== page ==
The recipe for ginger syrup that I made the first time was from Rosemary Gladstar’s Book Medicinal Herbs: A Beginner’s Guide. Then for my own version I added strawberries and did not use as much sweetener as she recommends. By the way I super highly recommend any book by Rosemary Gladstar she is one of my favorite herbalist ever! And that book is super user friendly for anyone to be able to use.

Strawberry Ginger Syrup

  • 3-5 strawberries (chopped)
  • 1-2 inch size piece of fresh ginger root (chopped)
  • Water
  • Maple Syrup, Agave, Coconut Nectar or Honey

Start by chopping up the ginger and add to a pan that has enough water to cover the ginger and cook down by 1/2 and still have some liquid. You really don’t need much water it just helps to keep the mixture from burning and to extract more spice from the ginger.

Slowly bring this to a boil and just let it boil off 1/2 of the volume of liquid. Then strain out the ginger and strawberry bits. Pour the strained liquid into a small glass so you can note how much liquid you have. Then pour approximately the same amount of sweetener in. You can then pour the combined liquids back into the pan and heat up to really incorporate them.

I know these are all approximations, but to give you an idea of how much I ended up with… I filled 2-2oz. tincture bottles with the finished product. Plus a little extra for me to add some hot water to and have a delicious tea. Since this doesn’t have as much sugar make sure to keep refrigerated when possible and use up with in the week. If you omit the water and simmer the ginger in honey as Rosemary Gladstar recommends then you can keep this in the refrigerator for a couple weeks (if it lasts that long).

 

Jade Airplane ride 2.jpg

Jade looking for more yummy “medicine”

 

Sautéed Vegetables with Fresh Turmeric and Ginger to reduce Inflammation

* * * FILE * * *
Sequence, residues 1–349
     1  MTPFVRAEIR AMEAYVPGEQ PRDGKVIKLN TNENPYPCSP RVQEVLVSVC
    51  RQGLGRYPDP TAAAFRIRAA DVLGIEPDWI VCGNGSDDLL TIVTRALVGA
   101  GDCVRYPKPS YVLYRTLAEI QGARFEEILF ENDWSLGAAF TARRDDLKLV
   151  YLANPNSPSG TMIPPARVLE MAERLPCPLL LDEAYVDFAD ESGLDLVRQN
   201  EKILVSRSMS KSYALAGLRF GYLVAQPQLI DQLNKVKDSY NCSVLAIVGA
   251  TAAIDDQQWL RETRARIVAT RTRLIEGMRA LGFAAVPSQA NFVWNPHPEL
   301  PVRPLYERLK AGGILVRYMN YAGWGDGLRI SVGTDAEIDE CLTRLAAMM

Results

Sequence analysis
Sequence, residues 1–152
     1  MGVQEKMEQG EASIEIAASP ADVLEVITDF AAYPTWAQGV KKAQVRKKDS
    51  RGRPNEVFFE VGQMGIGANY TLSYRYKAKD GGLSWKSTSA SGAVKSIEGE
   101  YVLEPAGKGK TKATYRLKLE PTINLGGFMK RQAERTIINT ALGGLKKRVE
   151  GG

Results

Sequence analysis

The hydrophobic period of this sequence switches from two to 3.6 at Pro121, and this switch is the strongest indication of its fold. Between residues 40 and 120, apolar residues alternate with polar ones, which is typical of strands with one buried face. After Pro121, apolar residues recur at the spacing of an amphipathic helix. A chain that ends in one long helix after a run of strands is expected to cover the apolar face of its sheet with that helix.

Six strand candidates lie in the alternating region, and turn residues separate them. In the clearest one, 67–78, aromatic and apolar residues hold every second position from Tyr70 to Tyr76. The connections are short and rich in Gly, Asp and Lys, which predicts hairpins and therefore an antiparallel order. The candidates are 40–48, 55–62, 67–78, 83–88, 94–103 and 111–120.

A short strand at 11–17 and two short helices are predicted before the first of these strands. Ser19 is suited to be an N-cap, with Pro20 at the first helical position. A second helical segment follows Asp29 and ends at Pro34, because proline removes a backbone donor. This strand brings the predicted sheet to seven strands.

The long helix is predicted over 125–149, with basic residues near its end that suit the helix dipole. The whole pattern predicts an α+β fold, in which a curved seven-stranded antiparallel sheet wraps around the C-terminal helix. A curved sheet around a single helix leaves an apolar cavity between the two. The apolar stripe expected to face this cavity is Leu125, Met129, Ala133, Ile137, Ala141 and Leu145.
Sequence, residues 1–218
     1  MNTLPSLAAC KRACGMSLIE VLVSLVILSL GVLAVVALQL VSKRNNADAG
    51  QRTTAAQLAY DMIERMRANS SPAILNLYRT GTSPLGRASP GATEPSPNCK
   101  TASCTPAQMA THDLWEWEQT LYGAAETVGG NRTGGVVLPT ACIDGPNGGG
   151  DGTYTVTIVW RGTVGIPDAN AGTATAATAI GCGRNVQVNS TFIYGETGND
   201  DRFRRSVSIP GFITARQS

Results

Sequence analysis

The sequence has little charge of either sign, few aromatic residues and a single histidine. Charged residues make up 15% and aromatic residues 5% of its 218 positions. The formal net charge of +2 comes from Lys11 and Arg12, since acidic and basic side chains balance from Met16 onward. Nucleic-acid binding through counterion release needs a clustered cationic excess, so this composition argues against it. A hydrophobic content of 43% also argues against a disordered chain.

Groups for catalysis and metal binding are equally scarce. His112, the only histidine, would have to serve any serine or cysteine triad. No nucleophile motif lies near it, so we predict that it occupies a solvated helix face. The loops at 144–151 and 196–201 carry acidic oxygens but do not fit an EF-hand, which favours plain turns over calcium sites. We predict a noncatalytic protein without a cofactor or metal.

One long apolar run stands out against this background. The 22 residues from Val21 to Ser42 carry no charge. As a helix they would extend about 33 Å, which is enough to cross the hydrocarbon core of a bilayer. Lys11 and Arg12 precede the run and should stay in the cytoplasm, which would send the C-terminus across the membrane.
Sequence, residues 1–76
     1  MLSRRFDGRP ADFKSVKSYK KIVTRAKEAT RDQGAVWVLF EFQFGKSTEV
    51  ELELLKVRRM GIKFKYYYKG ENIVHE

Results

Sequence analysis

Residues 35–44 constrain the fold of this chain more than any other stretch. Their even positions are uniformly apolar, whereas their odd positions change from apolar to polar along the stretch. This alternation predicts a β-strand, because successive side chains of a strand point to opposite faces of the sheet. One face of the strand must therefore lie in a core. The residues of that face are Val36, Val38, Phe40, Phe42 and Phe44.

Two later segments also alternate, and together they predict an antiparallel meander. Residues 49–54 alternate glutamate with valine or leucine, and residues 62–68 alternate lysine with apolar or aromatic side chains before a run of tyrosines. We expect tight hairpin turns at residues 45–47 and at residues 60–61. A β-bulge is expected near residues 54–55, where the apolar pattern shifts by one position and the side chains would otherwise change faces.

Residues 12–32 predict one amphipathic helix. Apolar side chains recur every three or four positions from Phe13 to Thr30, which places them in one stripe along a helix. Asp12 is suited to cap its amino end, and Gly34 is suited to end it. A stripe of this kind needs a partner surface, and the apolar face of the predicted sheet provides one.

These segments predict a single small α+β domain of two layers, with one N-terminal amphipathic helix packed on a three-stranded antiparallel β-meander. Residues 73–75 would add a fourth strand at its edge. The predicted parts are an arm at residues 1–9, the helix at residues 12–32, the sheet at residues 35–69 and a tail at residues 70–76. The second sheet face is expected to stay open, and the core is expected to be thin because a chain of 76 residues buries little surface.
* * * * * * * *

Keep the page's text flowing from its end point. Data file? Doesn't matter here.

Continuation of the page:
Anti-Inflammatory Vegetables

Anti-Inflammatory Dinner (Mixed Vegetables with Quinoa)

Both ginger and turmeric are powerful anti-inflammatory herbs. They are very versatile since they can be used in flavoring foods or just made into a tea to promote circulation, reduce pain, and improve digestion.

In Chinese Medicine we use ginger to tonify the Stomach and Spleen. Its nature is warming, which aids the digestive fire and its energy is said to be descending. This is helpful when there is digestive upset, nausea, dizziness or even motion sickness. Western Medicine has recently shown support of ginger’s anti-inflammatory nature (see study). There are even studies showing the effectiveness of ginger for motion-sickness and preventing nausea from chemotherapy (see study).

Turmeric is used in Chinese Medicine and Ayurveda to aid digestion, to promote circulation and alleviate pain and to reduce swelling in the body (this is for reducing swelling with trauma and from tumors/cancer). Its nature is also warming since it promotes blood circulation and aids digestion. Western medicine shows much positive research with turmeric for arthritis (both rheumatoid and osteoarthritis), Alzheimer’s and cancer. Dr. Andrew Weil has a great article outlining this (see this article).

Essentially what the research is saying about these herbs is that they have naturally occurring COX-2 inhibitors, which reduce the inflammatory pathways in the body to alleviate pain. What I am saying about these herbs is that they taste good and Traditional Medicine has used them effectively for thousands of years, so eat up!!

Sautéed Vegetables with Fresh Turmeric and Ginger (serves 4)

  • 1 small onion
  • 1 head of broccoli
  • 1/2 head of cabbage
  • 2 inches grated fresh ginger root
  • 2 inches grated fresh turmeric root
  • 1/2 block of tempeh
  • 2 garlic cloves
  • juice of 1 lemon
  • 2 TBS liquid aminos (soy or coconut) or salt to taste
  • 2-3 TBS nutritional yeast
  • 2-3 cups cooked rice or quinoa

Steam saute the onion and cabbage first for a couple minutes (just add a little water to the bottom of the pan to lightly steam while you are cooking… this avoids needing to use oil). Then add broccoli (florets and stalk). Steam saute for another couple minutes and then add remaining vegetables: peas, corn, carrots… whatever you have on hand. Add the ginger, garlic, lemon juice, nutritional yeast and turmeric the last couple minutes of steam sauteing. Make sure to add more water if needed to make a nice broth to pour over cooked rice or quinoa.